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4 Steps For Protecting Your Identity This Tax Season

itheftLast Thursday, as you may have heard, TurboTax put a halt to it’s filing of state tax returns after a spike in suspicious filings. By Friday at 6 p.m., it was back in business. But a number of states that stopped issuing state tax refunds amid similar worries – including Vermont and Massachusetts – have yet to turn the spigot back on.

What’s the deal? In the past couple of years, there has been an increase in fraudulent returns filed in the hope of gaining a tax refund that belongs to someone else. In 2013, 1.6 million taxpayers were affected – and the IRS paid out $5.2 billion in fraudulent refunds. This year, state tax refunds are being targeted in particular.

Why? Because they’re low-hanging fruit.

A fraudster doesn’t even need your name in order to file for your state tax refund as long as he has your Social Security number and date of birth. Typically, the thief files a fake return online and asks for the refund to be deposited on a prepaid debit card. After the refund lands, the money is withdrawn from an ATM and the card discarded. Easy as that.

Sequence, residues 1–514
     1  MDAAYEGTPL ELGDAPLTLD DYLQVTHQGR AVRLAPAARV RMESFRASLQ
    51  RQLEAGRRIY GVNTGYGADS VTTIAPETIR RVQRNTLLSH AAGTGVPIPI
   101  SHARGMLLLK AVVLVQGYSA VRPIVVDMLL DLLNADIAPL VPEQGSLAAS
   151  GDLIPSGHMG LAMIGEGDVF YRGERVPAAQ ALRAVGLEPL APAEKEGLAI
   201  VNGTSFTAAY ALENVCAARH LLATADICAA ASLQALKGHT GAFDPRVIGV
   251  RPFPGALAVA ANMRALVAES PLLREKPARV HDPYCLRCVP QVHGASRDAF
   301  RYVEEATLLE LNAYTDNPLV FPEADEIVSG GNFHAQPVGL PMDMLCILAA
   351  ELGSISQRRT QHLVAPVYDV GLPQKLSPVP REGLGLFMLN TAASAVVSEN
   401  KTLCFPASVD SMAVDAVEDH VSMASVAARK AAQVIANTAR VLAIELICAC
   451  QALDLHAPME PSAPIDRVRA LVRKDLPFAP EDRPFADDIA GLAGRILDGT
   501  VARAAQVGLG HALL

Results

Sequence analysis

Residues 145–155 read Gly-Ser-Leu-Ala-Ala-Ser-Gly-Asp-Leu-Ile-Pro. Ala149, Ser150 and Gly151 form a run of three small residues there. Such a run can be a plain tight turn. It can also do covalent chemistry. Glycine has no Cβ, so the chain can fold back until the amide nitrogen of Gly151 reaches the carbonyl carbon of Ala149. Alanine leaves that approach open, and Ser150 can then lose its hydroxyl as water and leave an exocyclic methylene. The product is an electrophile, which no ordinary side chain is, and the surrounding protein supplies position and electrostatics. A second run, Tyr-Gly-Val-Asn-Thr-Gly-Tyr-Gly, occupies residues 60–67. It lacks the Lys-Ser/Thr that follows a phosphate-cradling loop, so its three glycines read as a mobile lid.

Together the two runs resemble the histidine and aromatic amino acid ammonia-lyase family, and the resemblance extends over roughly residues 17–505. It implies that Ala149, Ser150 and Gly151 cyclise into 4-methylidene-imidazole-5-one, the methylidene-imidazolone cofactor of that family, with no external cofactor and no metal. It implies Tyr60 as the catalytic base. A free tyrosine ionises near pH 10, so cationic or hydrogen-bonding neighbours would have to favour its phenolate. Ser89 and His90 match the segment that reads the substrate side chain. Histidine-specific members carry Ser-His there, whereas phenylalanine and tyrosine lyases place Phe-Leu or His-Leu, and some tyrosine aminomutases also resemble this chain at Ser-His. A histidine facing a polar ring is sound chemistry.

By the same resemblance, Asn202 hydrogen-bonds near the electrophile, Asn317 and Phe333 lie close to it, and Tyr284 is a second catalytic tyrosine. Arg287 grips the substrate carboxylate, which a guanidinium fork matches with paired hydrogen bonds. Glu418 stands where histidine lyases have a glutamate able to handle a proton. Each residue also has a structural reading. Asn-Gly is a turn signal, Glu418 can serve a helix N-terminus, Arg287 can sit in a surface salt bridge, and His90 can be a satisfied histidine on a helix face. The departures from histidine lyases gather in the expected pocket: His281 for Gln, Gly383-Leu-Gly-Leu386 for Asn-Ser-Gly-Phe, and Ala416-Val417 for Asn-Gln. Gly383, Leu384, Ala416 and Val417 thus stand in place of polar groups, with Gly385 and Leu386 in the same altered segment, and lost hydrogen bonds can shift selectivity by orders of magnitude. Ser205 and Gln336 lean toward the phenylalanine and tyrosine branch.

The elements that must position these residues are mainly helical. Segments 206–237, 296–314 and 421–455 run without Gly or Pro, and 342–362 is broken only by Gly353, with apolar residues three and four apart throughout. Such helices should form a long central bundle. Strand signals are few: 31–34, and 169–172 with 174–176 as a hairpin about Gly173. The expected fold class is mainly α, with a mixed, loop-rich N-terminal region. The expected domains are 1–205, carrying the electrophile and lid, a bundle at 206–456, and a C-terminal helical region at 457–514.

Importantly, Social Security numbers and birth dates were on the list of data stolen in the massive breach of Anthem health insurance customers.  But Anthem’s wasn’t the only one. There were 783 breaches in 2014, according to the Identity Theft Resource Center, a 27.5% increase over 2013.

This is not just a TurboTax issue, notes Mary Peterson, Vermont Tax Commissioner.  We even get paper returns that are fraudulent,” she said, adding that the state is in contact with not just the e-filing services, but also other states that are addressing the issue. One item up for debate: Whether refunds directed to prepaid debit cards will be halted over the long term. “We are hoping to be back issuing refunds either tomorrow or Wednesday,” she said.

So, what’s a consumer to do in the meantime?

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